As a solid varsity performer at the University of Oregon, Knight is in his element when marketing athletic shoes to more elite runners. His direct knowledge about sports provides for easy rapport, and armed with a good product at a good price, sales of Onitsuka shoes prove successful. Assisting in this success is his former University of Oregon track coach, Bill Bowerman, who likes the product—and likes the business potential. Bowerman and his former student runner become 50-50 partners in (now incorporated) Blue Ribbon Sports. Teaming up with Bowerman is fabulously fortuitous for Knight as Bowerman is nationally well regarded by athletes. In addition, Bowerman likes to tinker with shoe design and structure, and later helps to develop a new best-selling model for the fledgling company, with plenty of twists and turns along the way.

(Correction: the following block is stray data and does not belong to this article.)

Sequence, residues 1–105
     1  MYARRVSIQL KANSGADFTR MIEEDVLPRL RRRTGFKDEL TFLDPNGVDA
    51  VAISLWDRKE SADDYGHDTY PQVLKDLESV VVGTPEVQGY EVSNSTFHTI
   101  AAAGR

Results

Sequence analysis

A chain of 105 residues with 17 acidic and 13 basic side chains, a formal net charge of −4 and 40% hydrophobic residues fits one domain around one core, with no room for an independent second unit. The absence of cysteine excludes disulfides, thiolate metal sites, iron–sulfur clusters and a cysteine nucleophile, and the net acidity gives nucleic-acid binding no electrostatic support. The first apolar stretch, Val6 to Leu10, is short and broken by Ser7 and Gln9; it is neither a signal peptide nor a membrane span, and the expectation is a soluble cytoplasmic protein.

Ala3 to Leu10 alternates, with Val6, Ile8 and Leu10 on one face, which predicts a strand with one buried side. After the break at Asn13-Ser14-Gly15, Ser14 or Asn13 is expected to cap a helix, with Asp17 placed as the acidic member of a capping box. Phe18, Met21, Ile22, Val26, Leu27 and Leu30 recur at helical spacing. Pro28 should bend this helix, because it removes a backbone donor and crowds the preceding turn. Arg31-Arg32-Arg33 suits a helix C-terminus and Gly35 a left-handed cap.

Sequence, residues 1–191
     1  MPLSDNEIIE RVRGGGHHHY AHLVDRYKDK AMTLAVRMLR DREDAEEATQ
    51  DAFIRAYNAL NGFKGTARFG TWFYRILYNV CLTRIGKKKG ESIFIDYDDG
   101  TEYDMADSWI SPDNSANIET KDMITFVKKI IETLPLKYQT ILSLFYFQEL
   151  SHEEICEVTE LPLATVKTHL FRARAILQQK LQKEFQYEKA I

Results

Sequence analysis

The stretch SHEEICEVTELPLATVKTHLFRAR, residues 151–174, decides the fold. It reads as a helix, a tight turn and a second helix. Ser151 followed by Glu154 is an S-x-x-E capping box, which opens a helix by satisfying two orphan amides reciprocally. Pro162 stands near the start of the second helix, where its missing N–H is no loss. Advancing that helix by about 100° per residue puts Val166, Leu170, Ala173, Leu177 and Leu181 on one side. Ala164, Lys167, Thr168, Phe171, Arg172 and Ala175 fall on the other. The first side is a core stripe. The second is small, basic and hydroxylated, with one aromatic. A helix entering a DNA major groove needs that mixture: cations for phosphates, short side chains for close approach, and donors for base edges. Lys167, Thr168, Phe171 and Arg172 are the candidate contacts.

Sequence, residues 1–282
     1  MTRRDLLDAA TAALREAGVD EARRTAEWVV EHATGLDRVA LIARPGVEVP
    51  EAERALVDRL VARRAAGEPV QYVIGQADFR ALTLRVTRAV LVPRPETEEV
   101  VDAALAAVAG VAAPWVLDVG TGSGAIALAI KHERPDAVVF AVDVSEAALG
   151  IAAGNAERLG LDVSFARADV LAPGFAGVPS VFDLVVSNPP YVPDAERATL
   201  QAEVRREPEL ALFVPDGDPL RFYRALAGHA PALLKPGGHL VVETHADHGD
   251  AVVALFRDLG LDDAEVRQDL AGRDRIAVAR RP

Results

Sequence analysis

In 1964 Knight faces the possibility of a quick demise of Blue Ribbon Sports because a high school wrestling coach is granted exclusive rights to Onitsuka distribution in the United States. Knight flies to Japan in an attempt to hold his position and, by chance, meets Mr. Onitsuka. The founder of the eponymous shoe company overrules his lieutenants and grants Knight exclusive distribution rights for Onitsuka athletic shoes in the western United States, with a rival distributor on the East Coast who is also allowed to sell wrestling shoes across the U.S. This incident foreshadows a similar near-death threat to Nike later in the book, but there is much in between. In these early chapters, Knight also discusses his personal life, with 1964 also devoted to nursing a broken heart.